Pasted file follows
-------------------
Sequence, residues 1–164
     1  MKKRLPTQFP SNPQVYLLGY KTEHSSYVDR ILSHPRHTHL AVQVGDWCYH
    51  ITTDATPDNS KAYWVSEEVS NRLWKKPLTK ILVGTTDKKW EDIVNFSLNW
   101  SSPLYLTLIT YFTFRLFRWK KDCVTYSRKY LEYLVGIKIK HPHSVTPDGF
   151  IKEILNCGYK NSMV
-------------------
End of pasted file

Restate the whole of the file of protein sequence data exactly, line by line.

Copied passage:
Sequence, residues 1–164
     1  MKKRLPTQFP SNPQVYLLGY KTEHSSYVDR ILSHPRHTHL AVQVGDWCYH
    51  ITTDATPDNS KAYWVSEEVS NRLWKKPLTK ILVGTTDKKW EDIVNFSLNW
   101  SSPLYLTLIT YFTFRLFRWK KDCVTYSRKY LEYLVGIKIK HPHSVTPDGF
   151  IKEILNCGYK NSMV